Radiology practices around the United States continue to feel the impact of the shortage of iodinated contrast media used in many imaging exams due to COVID-19 shutdowns in Shanghai. GE Healthcare’s Omnipaque and Visipaque contrast media were added to the U.S. Food and Drug Administration (FDA) drug shortage list May 9.
In an effort to ensure radiology practices have sufficient flexibility to change imaging orders as needed, the American College of Radiology® (ACR®) and the Radiology Business Management Association (RBMA) have written letters to private insurers and radiology benefit management (RBM) companies requesting changes in prior authorization procedures. The organizations asked the insurers and RBMs to allow flexibilities in the prior authorization to allow providers the option of changing patient orders for CT scans with contrast as needed, without having to repeat the prior authorization process and potentially delay patient care.
The ACR and RBMA requested an immediate change to prior authorization policies to allow for the prior authorization of “families” of CPT® codes. For many imaging services, families of these codes exist to describe similar services that are unique with respect to the complexity of the examination or the use of intravenous contrast. For example, the CT head family of codes would consist of CT head without contrast (CPT code 70450), CT head with contrast (CPT code 70460), and CT head with and without contrast (CPT code 70470). Allowing imaging providers the flexibility to change orders as needed without the burden of an additional prior authorization will permit streamlined and efficient patient care without unnecessary delays.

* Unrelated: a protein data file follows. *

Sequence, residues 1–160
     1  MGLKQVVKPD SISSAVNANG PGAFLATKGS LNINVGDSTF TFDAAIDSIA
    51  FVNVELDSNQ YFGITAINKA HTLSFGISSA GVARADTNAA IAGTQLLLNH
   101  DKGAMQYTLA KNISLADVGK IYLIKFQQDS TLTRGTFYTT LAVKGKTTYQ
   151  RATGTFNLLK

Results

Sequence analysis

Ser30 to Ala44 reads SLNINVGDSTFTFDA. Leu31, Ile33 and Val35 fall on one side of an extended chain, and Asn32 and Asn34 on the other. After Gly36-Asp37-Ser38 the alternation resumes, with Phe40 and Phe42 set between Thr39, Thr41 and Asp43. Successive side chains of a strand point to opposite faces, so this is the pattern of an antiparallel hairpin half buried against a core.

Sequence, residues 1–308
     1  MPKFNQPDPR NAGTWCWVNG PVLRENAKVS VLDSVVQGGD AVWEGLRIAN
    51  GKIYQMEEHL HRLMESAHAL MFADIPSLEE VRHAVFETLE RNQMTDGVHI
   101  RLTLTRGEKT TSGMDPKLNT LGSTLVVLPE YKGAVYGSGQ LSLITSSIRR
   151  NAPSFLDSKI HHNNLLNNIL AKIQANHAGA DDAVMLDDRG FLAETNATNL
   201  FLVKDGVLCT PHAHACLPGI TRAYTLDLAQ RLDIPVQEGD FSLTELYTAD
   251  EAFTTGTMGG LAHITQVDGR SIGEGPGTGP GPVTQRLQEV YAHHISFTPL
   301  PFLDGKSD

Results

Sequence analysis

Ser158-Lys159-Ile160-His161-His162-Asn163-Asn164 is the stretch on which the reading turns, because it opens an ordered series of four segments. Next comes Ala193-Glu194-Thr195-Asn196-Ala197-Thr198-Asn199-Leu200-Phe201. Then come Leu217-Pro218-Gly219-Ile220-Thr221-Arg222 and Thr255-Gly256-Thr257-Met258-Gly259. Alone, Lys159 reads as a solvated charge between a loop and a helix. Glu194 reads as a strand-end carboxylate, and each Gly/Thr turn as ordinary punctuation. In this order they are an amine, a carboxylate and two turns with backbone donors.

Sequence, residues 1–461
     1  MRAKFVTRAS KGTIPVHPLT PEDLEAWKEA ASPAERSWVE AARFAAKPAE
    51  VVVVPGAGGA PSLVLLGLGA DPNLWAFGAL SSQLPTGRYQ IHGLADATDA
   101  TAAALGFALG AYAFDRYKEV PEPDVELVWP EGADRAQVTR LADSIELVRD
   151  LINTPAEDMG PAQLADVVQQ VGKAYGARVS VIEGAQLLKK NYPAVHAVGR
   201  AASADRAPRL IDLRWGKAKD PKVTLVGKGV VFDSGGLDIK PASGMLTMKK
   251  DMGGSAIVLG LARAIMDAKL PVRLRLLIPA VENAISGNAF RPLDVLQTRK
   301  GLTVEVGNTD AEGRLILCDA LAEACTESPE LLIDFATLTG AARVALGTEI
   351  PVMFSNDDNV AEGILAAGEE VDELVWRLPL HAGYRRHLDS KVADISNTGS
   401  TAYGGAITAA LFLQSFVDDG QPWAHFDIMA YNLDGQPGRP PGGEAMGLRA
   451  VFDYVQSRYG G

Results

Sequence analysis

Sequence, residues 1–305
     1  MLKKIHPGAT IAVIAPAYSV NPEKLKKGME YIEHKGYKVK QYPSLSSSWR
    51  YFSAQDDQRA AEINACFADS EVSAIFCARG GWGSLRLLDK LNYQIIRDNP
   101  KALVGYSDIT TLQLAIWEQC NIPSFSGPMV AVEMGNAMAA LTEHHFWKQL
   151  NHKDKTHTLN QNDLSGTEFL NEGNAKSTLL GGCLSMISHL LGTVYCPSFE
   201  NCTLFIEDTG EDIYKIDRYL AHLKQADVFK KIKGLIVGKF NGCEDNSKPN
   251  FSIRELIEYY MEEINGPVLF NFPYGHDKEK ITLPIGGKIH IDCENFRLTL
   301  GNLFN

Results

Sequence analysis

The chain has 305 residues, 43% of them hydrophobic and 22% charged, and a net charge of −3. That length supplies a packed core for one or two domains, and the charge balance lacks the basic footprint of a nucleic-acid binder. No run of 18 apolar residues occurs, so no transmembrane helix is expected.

While the focus of the letter was the immediate need for flexibility, the ACR and RBMA believe that prior authorization of families of CPT codes is a best practice that should be followed by all insurers and RBM companies. CPT code-specific prior authorization allows the imaging provider to only perform the exam exactly as previously ordered and authorized, not to tailor the exam to the patient/clinical situation and best answer the diagnostic question.
The ACR has developed a resource page about the contrast media shortage. For questions regarding payer and RBM policies, please contact Katie Keysor, ACR Senior Director, Economic Policy.